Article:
News National PM and colleagues tread carefully in nail-biting week before NSW election

PM and colleagues tread carefully in nail-biting week before NSW election

NSW Premier Gladys Berejiklian will face a female opponent after NSW Labor elected its new leader. Photo: AAP Photo: AAP
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Published and private polling in New South Wales is picking up a disconcerting swing away from the Berejiklian coalition government – and no one is more nervous than Prime Minister Scott Morrison.

The prospect of a minority Labor government – let alone a majority one – would decimate fragile morale in the federal Liberals already dreading the prospect of a big loss in May.

A sense of how deep the apprehension is in both Sydney and Canberra is the remark last week from the Nationals leader and deputy premier John Barilaro.

He urged his federal colleagues, especially Barnaby Joyce “to shut up and worry about themselves when they are annihilated”.

The ramifications of the big Liberal state loss in Victoria are still being felt and fund raising is only half of it.

There is already the whiff of political death about the federal Coalition.

Another state humiliation is almost too terrible to contemplate.

One Victorian Liberal believes his NSW colleagues are in for a drubbing.

The published opinion polls in Victoria substantially underestimated the swing to Labor, as did the polls before the Super Saturday by-elections in Queensland, Western Australia, South Australia and Tasmania last year.

Premier Gladys Berejiklian in many ways has been her own worst enemy. The rush to demolish the Sydney Football stadium so close to the election is the prime example. It reinforces the “waste and mismanagement” attacks of her political opponents already potent thanks to major infrastructure and transport project cost overruns and delays.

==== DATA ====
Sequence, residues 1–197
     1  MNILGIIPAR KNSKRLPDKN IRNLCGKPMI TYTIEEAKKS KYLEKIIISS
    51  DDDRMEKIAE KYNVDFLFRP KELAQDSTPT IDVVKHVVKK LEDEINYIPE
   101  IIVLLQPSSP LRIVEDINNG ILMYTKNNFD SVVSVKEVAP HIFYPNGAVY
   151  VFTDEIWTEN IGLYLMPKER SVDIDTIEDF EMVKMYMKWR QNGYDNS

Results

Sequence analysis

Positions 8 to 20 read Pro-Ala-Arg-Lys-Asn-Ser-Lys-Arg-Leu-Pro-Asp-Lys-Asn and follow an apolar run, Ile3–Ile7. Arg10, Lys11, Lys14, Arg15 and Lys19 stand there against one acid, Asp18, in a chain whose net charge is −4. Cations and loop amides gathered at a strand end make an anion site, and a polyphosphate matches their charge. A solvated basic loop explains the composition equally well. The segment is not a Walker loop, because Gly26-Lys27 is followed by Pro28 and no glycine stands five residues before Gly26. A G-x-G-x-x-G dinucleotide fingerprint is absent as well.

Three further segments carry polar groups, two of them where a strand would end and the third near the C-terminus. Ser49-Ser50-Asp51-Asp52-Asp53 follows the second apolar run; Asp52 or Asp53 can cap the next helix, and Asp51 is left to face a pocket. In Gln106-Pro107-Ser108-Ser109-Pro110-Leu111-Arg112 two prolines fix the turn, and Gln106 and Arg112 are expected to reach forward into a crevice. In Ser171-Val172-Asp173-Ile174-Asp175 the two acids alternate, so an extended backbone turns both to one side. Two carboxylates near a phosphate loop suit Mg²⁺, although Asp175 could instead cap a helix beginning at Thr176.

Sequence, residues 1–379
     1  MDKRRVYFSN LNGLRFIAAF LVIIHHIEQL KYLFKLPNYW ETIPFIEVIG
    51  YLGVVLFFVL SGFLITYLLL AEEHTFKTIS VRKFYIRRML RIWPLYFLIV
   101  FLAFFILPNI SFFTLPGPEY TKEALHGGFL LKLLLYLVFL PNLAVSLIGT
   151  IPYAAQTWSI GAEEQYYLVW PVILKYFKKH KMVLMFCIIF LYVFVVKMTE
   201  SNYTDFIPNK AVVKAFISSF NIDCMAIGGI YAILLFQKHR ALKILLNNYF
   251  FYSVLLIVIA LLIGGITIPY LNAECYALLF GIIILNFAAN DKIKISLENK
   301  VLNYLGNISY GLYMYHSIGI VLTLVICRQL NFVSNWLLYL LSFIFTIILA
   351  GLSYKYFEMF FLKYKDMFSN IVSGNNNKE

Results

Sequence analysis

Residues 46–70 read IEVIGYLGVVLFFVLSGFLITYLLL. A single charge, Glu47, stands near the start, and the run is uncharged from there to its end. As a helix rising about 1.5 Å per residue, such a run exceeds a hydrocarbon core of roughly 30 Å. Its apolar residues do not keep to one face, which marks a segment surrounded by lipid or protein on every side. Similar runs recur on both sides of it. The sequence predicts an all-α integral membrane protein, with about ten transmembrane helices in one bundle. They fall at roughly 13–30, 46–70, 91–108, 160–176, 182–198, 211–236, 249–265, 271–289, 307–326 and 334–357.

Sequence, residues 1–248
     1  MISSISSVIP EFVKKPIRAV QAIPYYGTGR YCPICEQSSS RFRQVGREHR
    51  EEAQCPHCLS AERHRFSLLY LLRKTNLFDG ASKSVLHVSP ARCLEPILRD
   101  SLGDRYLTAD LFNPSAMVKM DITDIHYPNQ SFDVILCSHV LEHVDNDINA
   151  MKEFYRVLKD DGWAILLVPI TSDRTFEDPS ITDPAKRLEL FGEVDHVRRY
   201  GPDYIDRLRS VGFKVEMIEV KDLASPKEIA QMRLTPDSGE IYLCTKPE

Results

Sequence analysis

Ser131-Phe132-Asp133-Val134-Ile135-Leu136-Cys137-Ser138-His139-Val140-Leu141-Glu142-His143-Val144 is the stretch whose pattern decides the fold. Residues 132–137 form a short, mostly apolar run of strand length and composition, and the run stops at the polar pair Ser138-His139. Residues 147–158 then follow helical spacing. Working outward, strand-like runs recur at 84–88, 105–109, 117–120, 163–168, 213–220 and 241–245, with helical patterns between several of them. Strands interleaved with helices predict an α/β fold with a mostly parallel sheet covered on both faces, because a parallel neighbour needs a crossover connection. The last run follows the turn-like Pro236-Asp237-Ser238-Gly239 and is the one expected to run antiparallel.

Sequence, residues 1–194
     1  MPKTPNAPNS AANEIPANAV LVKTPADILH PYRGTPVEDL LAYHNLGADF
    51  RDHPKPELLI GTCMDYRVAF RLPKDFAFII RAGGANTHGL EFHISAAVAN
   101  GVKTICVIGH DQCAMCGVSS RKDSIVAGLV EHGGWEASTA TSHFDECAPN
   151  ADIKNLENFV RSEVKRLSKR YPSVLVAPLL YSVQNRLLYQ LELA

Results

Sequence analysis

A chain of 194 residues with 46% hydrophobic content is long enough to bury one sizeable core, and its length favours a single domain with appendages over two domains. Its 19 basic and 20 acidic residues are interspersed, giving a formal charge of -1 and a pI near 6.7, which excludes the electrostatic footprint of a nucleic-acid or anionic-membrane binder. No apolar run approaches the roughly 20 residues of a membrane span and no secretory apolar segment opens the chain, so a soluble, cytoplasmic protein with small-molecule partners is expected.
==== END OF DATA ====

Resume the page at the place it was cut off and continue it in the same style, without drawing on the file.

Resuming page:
But there are federal-state cross overs at play. This is the fourth New South Wales state election led by a different premier. The Liberals have delivered three of them. Sure they have done it without the bloodletting of their Canberra colleagues but it has cost them.

Ms Berejiklian is not as popular as Mike Baird was at the 2015 election and his absence is a reminder of why he went – a collapse of support, particularly in regional NSW, thanks to council amalgamations and greyhound racing bans.

This malaise showed up dramatically in the Orange and Wagga by-elections and is a harbinger of big trouble in the bush.

State Labor campaigners say climate change and energy is playing “big time” in the election. Mr Baird’s electricity privatisation has not delivered cheaper power – the exact opposite.

Mr Baird’s failure is compounded by the fact federal party interpersonal rivalries and deep ideological divides over coal and renewables have left the government in Canberra an impotent shambles – the national energy guarantee was buried along with Malcolm Turnbull.

Mr Barilaro is not the only coalition MP fearing voters who are itching to clobber the federal Liberals may take out their frustrations on the state coalition next Saturday.

According to The Australian’s Andrew Clennell, some are already confused which poll they are actually voting in.

Last Friday’s Christchurch mosque massacre is likely to make a big dent in any recovery plans Mr Morrison has after Saturday.

He has already pivoted away from his default position of demonising Muslims and hold every one of them to account after terrorist attacks as he did with the killing of the Melbourne café owner Sisto Malaspina in November.

Muslim leaders in Melbourne refused to meet after that, but this weekend was a very different story when he paid his respects at the Lakemba mosque and condemned the white supremacist “terrorist”.

He is still to live down reports that he urged the Liberals in opposition in 2011 to “capitalise on anti-Muslim sentiment”. Though he refutes the story and is supported by other members of the then-shadow cabinet in his denial.

The point being it will now be much harder to ramp up a full-scale fear and loathing campaign of Muslim refugees similar to John Howard’s desperate 2001 “children overboard” strategy.

Paul Bongiorno AM is a veteran of the Canberra Press Gallery, with 40 years’ experience covering Australian politics

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